Nonetheless, Rushing pointed out, because court operations are fee-based, “One-third of the staff was let go during the COVID situation because the fees did drop.”
For example, she said, traffic citations “were at a very low amount … so there were no resources to pay the staff.” The fees from those citations, she added, cover “a lot of the operation.”
During her remarks, Rushing also provided the commissioners a number of statistics:
- This year, her staff converted 628,226 official records to microfilm and created images of 18,769,695 official records.
- The number of deeds filed in the county in 2020 exceeded the number of mortgages. “We do see cash transactions happening throughout the county,” Rushing pointed out.
The deeds in the 2020 fiscal year totaled 31,790, while the total number of mortgages was 23,829, according to a slide Rushing showed the commissioners.
- The 2005 fiscal year was “sort of the heyday” for recordings and sales, Rushing noted, referring to the period before the Great Recession began. For the 2022 fiscal year, which will begin Oct. 1, Rushing said she anticipated that the number of deeds, mortgages and judgments her staff will record will be close to the 2005 level.
In 2005, Rushing’s staff recorded 286,591 documents. For the 2020 fiscal year, the total was 179,976. The figure projected by the end of this fiscal year is 220,586.
“Population doesn’t necessarily drive activity in this office,” she pointed out.
- Because of the foreclosure restrictions during much of the pandemic, the number of cases Rushing’s staff had handled in the current fiscal year, up to her June 22 presentation, was 79, another slide showed. In 2009, during the Great Recession, the total was 8,566. In the 2020 fiscal year, it was 234.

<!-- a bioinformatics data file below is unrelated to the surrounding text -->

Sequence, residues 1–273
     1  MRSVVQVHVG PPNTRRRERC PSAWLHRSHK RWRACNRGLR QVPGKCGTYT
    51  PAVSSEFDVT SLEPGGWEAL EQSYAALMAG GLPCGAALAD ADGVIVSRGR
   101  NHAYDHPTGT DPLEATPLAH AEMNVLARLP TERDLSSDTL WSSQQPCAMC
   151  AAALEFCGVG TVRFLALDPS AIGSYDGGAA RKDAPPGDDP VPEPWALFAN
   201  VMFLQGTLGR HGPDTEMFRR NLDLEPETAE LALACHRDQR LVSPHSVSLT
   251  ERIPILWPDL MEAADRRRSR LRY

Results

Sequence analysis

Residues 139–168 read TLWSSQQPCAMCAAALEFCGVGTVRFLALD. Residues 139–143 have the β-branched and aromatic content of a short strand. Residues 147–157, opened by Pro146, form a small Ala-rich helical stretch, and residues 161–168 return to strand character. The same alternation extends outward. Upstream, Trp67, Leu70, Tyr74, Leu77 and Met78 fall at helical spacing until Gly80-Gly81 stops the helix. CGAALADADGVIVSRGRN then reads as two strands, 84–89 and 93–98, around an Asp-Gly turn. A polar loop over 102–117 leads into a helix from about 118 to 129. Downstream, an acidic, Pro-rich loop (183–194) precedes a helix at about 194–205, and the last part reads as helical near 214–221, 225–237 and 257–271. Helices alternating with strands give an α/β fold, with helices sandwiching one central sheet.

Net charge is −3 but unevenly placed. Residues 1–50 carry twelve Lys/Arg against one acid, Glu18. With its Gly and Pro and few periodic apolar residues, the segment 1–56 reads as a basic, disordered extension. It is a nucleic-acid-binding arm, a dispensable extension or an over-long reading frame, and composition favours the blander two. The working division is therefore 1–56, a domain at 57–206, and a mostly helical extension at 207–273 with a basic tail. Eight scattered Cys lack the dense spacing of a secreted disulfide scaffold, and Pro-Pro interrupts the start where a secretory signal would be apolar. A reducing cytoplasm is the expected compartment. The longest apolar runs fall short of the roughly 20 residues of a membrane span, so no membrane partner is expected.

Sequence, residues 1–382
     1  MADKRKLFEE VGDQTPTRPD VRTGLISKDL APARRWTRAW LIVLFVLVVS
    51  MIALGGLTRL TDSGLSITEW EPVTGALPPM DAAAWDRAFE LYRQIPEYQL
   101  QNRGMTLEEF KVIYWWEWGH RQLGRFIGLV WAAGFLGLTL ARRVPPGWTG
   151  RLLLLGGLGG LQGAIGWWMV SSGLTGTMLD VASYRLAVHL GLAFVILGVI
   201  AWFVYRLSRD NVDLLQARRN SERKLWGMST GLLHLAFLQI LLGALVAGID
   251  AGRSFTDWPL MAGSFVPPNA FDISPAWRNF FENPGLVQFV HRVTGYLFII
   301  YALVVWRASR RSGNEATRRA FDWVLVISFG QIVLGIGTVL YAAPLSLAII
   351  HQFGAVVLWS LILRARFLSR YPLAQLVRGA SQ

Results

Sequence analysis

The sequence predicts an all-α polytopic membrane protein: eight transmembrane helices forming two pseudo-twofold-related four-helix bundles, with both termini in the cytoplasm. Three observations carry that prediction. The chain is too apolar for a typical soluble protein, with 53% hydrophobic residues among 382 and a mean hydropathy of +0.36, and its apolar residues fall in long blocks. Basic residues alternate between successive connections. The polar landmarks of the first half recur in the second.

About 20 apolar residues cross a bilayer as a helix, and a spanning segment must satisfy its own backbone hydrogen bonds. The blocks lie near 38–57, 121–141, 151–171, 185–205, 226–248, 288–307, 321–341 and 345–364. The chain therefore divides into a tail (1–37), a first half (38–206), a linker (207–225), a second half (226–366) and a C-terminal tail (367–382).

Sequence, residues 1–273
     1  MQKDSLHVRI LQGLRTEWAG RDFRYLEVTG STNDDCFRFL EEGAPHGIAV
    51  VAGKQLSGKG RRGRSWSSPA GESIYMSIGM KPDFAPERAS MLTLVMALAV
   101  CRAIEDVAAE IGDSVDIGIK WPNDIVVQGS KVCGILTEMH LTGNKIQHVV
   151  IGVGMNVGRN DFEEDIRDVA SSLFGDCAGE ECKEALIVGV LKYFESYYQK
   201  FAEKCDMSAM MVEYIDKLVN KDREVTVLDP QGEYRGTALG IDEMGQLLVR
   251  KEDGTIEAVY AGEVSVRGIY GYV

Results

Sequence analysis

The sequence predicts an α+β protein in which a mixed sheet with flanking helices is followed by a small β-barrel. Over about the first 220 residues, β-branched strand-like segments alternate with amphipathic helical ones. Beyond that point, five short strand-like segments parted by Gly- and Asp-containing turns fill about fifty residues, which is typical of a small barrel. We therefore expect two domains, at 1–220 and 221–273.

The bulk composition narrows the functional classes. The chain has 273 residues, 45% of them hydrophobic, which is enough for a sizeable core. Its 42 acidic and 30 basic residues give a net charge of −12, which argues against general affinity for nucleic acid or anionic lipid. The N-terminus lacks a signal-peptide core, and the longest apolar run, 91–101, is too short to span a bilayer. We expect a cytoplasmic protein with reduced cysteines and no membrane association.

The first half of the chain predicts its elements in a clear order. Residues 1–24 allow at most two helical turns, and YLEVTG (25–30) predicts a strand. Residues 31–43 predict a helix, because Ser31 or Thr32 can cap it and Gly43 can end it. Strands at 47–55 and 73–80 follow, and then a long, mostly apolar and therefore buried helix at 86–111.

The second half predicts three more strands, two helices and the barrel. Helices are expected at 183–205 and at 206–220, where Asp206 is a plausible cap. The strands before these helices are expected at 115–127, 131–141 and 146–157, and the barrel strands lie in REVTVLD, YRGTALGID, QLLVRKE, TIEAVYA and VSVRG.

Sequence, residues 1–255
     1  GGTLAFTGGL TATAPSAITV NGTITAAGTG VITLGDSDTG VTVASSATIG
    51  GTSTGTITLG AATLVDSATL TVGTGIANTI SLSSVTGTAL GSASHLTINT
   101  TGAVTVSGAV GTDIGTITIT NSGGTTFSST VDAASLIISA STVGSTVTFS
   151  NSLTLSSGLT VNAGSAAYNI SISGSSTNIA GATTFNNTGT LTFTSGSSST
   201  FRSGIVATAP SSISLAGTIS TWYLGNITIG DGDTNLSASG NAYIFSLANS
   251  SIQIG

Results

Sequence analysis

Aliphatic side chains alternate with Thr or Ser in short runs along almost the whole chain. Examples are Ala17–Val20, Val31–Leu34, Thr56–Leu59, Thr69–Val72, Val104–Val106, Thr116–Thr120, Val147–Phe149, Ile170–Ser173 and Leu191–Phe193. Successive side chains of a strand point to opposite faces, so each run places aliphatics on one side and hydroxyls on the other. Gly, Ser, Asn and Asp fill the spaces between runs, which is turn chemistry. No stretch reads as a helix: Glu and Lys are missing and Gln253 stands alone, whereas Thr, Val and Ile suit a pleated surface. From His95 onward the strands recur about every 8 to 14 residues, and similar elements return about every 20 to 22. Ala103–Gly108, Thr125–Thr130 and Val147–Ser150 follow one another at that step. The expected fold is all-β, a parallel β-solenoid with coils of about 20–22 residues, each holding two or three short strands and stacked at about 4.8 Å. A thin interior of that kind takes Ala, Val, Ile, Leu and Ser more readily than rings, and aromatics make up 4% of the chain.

Referring to 2009, Rushing added, “It was an enormous stress on the court system.”
After Rushing completed her presentation, the commissioners heard from Kim Miller, the trial court administrator for the 12th Judicial Circuit Court.
“Courts never stopped operating,” Miller said of the situation during the pandemic. However, she added, “We did a lot of things remotely.”
June 21, she noted, was the first day people were allowed back in court facilities without masks or social distancing restrictions. “It was a big celebration for us.”
The 12th Judicial Circuit, Miller reminded the board members, covers Sarasota, Manatee and DeSoto counties, with five facilities operating. Those in Sarasota County are the County Justice Center and the Lynn Silvertooth Judicial Center, both on Ringling Boulevard in Sarasota, as well as the court operations at the county’s R.L. Anderson Administration Center in Venice.
And speaking of the latter facility, Miller said, “We’re anticipating some needs for next year,” in regard to her budget, primarily because of new staffing that will be necessary. “We’re going from three kind of small courtrooms [to] two-story buildings.”
Along with courtrooms, she pointed out, space will be provided for a lab for urine testing, mediation rooms and a digital recording office. “Right now,” Miller noted, all of those operations are handled in North County.
After the building has been completed and staff can get to work, Miller continued, she would have a better idea of needs for the 2023 fiscal year. “Our worst-case scenario,” she said, would be a request for hiring five new employees.
Miller showed the board members a photo taken the previous week as work continues on the new courthouse facilities in Venice. “It’s coming together much quicker than I think any of us thought it would be.”